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Burnley vs Arsenal: Five things we learned as Gunners held to a draw at Turf Moor

Callum Rice-Coates
·5-min read
Bukayo Saka in action against Burnley (Getty Images)
Bukayo Saka in action against Burnley (Getty Images)

Arsenal were held to a draw at Turf Moor after a disastrous error from Granit Xhaka allowed Chris Wood to cancel out Pierre-Emerick Aubameyang's early opener.

Both sides had chances to win the game, but the visitors were left the more disappointed, unable to secure another win despite a couple of near-penalty incidents and good opportunities late on.

Here are five things we learned from the game.

Reinvigorated Aubameyang key to Arsenal form

Arsenal have, for several years, been heavily reliant on the prolific goal scoring of Aubameyang. He has repeatedly turned draws into wins, produced something out of nothing when his side most needed it.

But this season he has been oddly subdued and dipped well below his usual rate of scoring. It's no surprise, then, that Arsenal were languishing in the bottom half of the Premier League table for so long and now sit in midtable, a position that doesn't feel in any way false.

If the Gunners are to push for a European place - most likely a Europa League spot - Aubameyang's form is vital. And his upturn of late has coincided with a general improvement from Arsenal. The relentless consistency isn't quite there yet, but a hat-trick against Leeds and a brace against Benfica, followed by a well-taken goal at Burnley, suggest he is returning to his previous levels.

The goal here was vintage Aubameyang, too: a shift inside from the left and a powerful precise finish at the near post (though Nick Pope might feel he could have done better).

Turf Moor a tough place to go?

There has been an enduring myth that playing at Turf Moor is a test of steel and determination for even the most gifted teams, that leaving with a victory always requires a scrap and a battle with the elements. That is probably because it is often windy, and because Sean Dyche's team are the embodiment of English football's traditional grit and ruggedness. Like away games at Stoke in years gone by, the idea is largely romanticised and doesn't really have any basis in fact.

Burnley had picked up 17 points from 14 home games before the visit of Arsenal, hardly the most eye-catching record. They were beaten convincingly by Manchester City and Chelsea here, lost to Bournemouth in the FA Cup and were held to a tame draw by struggling West Brom.

But there have been some signs that Dyche's side are beginning to put a run together on home turf, even if they have not won at this stadium since late January. The draw against Leicester was encouraging, and a result against a confident Arsenal side should provide something to build on.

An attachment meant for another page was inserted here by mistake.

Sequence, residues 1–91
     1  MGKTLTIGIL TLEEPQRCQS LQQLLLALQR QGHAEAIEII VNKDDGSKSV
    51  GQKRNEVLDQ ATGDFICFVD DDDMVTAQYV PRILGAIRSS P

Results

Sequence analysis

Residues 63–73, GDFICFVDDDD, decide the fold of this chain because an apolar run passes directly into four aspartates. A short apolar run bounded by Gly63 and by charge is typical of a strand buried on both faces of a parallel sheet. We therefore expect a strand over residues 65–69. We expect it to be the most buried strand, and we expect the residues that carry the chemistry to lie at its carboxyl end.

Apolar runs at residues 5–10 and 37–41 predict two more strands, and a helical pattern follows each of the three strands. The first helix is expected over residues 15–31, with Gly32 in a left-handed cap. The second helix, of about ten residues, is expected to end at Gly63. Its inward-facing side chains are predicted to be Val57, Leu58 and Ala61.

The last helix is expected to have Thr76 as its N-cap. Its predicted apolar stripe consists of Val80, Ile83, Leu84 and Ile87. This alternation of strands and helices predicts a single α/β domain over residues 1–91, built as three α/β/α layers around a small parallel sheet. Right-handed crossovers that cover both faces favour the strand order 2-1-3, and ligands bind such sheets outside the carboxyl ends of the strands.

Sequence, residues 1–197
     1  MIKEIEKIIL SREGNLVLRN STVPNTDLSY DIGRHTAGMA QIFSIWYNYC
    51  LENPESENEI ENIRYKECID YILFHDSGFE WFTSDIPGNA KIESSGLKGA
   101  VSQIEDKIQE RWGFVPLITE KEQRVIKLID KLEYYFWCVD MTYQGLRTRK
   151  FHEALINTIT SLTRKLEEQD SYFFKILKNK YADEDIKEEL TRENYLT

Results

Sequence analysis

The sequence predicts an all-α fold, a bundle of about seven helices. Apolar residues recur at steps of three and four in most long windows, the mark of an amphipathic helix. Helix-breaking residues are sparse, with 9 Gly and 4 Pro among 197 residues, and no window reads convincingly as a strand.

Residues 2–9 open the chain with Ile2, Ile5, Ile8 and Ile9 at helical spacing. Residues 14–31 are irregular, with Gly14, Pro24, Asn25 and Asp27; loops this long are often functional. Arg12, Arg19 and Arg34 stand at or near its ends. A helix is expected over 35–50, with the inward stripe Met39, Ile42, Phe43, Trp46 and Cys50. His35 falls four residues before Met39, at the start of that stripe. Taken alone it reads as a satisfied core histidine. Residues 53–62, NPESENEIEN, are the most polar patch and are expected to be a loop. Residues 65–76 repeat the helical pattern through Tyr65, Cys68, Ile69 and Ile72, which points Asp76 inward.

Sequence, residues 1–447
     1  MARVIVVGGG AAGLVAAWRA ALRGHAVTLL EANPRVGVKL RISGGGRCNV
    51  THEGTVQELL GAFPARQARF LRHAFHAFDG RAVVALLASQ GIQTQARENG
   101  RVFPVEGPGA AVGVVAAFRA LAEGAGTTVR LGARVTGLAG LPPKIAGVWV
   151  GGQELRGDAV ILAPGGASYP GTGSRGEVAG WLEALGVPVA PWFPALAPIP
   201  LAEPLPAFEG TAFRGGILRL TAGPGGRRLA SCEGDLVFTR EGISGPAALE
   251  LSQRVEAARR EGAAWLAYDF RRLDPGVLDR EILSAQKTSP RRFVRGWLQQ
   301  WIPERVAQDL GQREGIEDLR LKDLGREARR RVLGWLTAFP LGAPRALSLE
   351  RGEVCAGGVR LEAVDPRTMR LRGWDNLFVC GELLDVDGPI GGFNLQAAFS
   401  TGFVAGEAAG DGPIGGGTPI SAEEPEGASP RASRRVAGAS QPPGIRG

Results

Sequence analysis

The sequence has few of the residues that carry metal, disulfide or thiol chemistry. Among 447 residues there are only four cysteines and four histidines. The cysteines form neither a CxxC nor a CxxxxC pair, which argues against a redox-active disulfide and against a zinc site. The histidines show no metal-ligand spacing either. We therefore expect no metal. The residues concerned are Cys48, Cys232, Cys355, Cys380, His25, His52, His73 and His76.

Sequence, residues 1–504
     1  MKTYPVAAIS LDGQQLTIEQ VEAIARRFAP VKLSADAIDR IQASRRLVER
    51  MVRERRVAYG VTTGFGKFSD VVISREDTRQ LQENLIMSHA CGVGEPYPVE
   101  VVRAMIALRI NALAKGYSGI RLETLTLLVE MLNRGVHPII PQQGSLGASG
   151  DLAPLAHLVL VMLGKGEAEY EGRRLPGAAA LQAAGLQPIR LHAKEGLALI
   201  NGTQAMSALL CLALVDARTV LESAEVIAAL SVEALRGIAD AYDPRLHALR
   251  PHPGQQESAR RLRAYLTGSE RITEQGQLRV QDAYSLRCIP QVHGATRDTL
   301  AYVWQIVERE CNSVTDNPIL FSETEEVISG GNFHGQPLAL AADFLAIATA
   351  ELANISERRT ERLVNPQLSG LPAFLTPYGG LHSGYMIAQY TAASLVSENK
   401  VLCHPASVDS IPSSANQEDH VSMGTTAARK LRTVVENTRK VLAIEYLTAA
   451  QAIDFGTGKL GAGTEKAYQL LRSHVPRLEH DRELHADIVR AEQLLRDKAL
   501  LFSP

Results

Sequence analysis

Willian finally finding his feet

There are unlikely to be thousands of Arsenal fans hailing Willian's arrival this summer as the coup of the century because of a string of improved performances, but there might at least be some begrudging respect now. Plenty have written off the Brazilian, now 32 and apparently struggling to settle into any consistent form at his new club.

In recent weeks, though, Willian appears to have found his feet. He was the creator of Aubameyang's goal at Turf Moor, driving through the middle before sweeping a pass out to the left-sided forward, who did the rest. That makes it three assists in three appearances for the former Chelsea man, ending a run of 13 appearances without one.

The logic of handing Willian a three-year contract will still, rightly, be questioned. But he is beginning to remind us all of his ability to influence Premier League games. How long this will last remains to be seen.

Errors continue to plague Arsenal

As was the case at Wolves last month, Arsenal let themselves down here with an almost inexplicable mistake. They had dominated the first-half, controlled the game and kept Burnley at arm's length, but Granit Xhaka's lapse in concentration gifted the hosts an equaliser just before half-time.

It was entirely unavoidable, too: Bernd Leno played a pass to the midfielder, inside his own area, and needlessly put Arsenal in an awkward position. Matej Vydra applied pressure, forcing Xhaka to play a rushed pass towards Leno. But he succeeded only in firing the ball against Chris Wood's hip. The ricochet flew past Leno and into the net, and in an instant the visitors' good work throughout the opening 45 minutes was undone.

This is the kind of thing Mikel Arteta will be desperate to coach out of his players. This just doesn't happen to Manchester City, whose players, by now, seem hardwired to play out from the back with maximum efficiency. If Arsenal want to challenge at the top of the Premier League again, these unforced errors need to be eradicated.

More handball controversy

Does anyone really know what's going on anymore? The players don't seem to. Nor do the pundits, or the fans. Erik Pieters, having been introduced as a second-half substitute, was twice involved in potential handball incidents in his own box. The first looked a more viable penalty shout as Nicolas Pepe struck the ball against the defender's arm, but nothing was given after a VAR check.

The second was more dramatic. A goal-bound shot from Pepe was blocked by Pieters, seemingly with his right arm. The referee pointed to the spot and the Dutchman was sent off. But that decision was soon reversed after it became clear the ball had struck his shoulder.

Regardless of the outcome in this instance, the needlessly complex interpretation of the rule is becoming a problem.

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